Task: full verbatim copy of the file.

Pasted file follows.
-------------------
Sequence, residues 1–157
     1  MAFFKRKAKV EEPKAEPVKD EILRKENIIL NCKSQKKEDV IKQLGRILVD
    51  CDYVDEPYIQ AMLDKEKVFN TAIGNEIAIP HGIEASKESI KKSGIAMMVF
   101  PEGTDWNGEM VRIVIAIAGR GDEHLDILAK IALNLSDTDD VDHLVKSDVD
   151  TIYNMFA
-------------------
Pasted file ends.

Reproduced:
Sequence, residues 1–157
     1  MAFFKRKAKV EEPKAEPVKD EILRKENIIL NCKSQKKEDV IKQLGRILVD
    51  CDYVDEPYIQ AMLDKEKVFN TAIGNEIAIP HGIEASKESI KKSGIAMMVF
   101  PEGTDWNGEM VRIVIAIAGR GDEHLDILAK IALNLSDTDD VDHLVKSDVD
   151  TIYNMFA